@Rocco_TheStreet analysts now faulting Apple for not hitting right price pt when analysts r the ones that created this idea of a cheap phone— Bill Stephens (@two4onebill) September 10, 2013The problem with coverage and analysis from the tech and financial media is that, pardon my bluntness, you would have to search long and hard, deep into the bowels of Hollywood, Washington, or old money Manhattan to find a more self-absorbed, self-indulgent bunch. These cats tend to be too busy listening to what their colleagues are saying to take obvious cues from history and the companies they profess to know so much about. I'm being too harsh on this particular suspect because he's actually a great read, but, for better or worse, Jay Yarow from Business Insider perfectly illustrates what almost always goes wrong in his story, Our Best Guess About Why Apple Decided To Release The iPhone 5C:
At $550, the iPhone 5C is a bit confusing.Yarow goes on to question Apple's motives, settling on that its just copying its iPod strategy. Obviously. But he's confused. Presumably, if Apple produced a phone that qualifies as "cheap" for most people -- maybe $100 or $200 or $250 unsubsidized -- he wouldn't find himself in the same cognitive pickle as most of the rest of his tech media cohort. Here's the problem: As the Tweet at the beginning of this story says, there never was a cheap iPhone. CEO Tim Cook never -- not once -- said anything about cheap. This was a figment of many lazy imaginations. Instead of putting words in Cook's mouth and creating yet another self-fulfilling Apple meme, the tech media could have considered ...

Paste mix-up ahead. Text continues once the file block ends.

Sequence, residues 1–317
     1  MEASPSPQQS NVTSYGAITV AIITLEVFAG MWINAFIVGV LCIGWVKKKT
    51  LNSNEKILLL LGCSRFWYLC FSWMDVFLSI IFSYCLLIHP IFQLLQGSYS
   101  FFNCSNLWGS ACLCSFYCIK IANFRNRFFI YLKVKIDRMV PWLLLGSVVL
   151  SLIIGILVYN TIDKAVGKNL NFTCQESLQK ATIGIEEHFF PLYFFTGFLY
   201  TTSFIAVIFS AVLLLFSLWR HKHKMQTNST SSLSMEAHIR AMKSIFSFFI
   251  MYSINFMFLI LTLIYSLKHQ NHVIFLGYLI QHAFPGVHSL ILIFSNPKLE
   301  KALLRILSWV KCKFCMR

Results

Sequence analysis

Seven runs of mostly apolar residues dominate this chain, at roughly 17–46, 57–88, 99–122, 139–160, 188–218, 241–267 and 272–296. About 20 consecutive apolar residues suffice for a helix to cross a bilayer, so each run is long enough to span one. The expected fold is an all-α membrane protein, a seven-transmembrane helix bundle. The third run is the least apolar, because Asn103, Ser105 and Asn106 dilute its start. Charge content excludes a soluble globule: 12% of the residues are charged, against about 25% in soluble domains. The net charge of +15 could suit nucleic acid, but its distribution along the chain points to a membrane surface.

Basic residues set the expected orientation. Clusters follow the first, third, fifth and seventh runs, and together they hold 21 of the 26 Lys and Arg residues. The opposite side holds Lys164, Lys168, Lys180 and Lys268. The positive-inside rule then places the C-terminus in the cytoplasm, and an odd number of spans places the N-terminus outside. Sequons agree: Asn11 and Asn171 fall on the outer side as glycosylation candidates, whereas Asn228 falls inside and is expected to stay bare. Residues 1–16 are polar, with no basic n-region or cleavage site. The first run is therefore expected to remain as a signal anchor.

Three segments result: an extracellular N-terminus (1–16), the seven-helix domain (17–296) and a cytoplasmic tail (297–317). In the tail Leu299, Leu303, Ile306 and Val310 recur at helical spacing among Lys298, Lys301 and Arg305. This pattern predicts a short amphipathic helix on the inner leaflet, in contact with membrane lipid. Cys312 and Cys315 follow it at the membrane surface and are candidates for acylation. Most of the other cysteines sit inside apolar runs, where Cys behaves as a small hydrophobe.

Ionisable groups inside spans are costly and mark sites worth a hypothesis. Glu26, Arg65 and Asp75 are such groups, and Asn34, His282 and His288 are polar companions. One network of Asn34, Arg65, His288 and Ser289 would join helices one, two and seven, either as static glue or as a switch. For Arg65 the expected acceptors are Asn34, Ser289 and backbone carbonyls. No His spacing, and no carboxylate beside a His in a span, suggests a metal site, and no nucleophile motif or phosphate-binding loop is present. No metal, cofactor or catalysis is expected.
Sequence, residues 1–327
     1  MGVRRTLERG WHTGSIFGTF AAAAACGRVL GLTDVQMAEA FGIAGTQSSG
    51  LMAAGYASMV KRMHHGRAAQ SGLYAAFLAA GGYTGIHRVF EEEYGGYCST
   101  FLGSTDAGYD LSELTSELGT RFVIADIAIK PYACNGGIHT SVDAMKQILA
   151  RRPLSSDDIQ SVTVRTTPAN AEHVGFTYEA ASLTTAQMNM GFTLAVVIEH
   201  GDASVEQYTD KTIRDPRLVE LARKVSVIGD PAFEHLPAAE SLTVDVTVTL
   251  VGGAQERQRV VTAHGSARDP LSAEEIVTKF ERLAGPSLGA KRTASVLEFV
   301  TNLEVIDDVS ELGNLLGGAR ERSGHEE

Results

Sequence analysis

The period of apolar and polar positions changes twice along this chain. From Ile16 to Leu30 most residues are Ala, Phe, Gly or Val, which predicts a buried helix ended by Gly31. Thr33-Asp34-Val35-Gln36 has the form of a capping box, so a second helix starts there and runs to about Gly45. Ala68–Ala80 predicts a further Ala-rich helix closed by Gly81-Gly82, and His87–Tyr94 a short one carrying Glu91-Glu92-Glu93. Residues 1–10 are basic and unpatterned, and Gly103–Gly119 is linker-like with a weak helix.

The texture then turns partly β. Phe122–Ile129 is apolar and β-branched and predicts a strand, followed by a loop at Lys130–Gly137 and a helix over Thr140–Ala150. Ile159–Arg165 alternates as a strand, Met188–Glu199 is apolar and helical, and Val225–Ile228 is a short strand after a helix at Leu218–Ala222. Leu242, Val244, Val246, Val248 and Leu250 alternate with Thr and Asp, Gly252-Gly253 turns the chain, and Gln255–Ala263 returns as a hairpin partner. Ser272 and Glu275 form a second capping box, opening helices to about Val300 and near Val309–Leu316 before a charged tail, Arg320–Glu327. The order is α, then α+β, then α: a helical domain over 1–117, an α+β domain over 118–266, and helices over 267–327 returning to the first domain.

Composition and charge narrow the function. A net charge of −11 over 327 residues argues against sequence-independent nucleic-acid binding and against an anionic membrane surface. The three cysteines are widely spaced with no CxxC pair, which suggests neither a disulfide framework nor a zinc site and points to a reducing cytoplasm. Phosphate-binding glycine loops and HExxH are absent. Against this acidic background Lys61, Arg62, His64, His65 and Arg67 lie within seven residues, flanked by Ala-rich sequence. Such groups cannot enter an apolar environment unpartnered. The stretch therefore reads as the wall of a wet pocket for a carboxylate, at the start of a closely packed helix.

Apple Insider, Pegatron CEO: Apple's 'low-cost iPhone' will not be cheap, June 2013... or something I -- and others -- have repeated throughout the year in articles such as If Apple Goes Cheap It Will End Up Firing Tim Cook:
Apple already has a cheap iPhone: It's called the 4 and 4S.Now, it's just the 4S at FREE with a two-year contract. And you have a higher quality than expected iPhone 5C that fills the void left by the discontinued iPhone 5. It's not a cheap phone, just cheaper than the iPhone 5S, which starts at $199 on-contract and $649 unsubsidized. Apple priced the 5C at $99 and $199 on-contract and $549 and $649 unsubsidized for 16GB and 32GB models, respectively. So, yeah, from a color and cost standpoint this basically blends Apple's iPod and iPad mini strategies. If you have concerns about Apple losing its way under Cook, the move to not follow the rumor mill and go cheap probably doesn't completely erase those fears, but it should partially alleviate them. Apple could have made an easy Android-like grab at market share or collected low-hanging fruit in China and India. But Cook refused. That's called doing what's right. Follow @rocco_thestreet -- Written by Rocco Pendola in Santa Monica, Calif.